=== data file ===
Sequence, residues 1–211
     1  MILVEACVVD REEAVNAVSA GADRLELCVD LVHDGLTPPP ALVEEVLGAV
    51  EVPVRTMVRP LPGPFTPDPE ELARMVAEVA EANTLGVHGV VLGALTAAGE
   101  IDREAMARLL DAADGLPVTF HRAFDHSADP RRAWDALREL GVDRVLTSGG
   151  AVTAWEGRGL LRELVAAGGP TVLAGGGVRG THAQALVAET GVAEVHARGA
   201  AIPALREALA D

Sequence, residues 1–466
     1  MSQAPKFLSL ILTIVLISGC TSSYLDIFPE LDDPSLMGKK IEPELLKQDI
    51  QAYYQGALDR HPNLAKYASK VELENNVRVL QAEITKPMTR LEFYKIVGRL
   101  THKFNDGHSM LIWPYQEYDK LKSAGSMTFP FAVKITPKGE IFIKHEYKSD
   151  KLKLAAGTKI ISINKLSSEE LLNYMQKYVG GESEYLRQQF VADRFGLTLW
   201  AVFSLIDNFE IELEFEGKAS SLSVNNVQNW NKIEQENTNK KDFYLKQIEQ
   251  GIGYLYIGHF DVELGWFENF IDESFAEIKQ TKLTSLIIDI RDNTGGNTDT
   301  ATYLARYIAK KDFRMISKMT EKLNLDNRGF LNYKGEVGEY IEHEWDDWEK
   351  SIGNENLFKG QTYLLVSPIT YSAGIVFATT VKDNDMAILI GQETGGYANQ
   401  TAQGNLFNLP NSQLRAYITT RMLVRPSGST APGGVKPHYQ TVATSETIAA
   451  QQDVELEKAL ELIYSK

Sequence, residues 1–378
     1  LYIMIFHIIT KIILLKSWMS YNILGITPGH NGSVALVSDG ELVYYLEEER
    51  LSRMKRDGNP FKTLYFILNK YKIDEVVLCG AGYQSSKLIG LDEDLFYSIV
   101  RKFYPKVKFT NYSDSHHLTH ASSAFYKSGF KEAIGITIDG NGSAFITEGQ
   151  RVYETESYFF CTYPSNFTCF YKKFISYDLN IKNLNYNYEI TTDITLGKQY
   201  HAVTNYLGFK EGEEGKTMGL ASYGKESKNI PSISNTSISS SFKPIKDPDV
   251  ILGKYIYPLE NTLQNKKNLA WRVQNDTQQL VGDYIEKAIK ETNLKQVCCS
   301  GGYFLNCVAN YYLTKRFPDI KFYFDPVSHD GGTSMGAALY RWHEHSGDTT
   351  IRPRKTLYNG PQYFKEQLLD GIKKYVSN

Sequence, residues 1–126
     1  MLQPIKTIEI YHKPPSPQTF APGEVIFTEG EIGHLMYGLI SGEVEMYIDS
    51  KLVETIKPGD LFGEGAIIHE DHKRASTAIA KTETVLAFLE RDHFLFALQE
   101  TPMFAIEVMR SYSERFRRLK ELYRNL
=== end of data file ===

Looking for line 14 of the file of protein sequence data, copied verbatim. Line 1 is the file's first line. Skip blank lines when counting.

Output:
   301  ATYLARYIAK KDFRMISKMT EKLNLDNRGF LNYKGEVGEY IEHEWDDWEK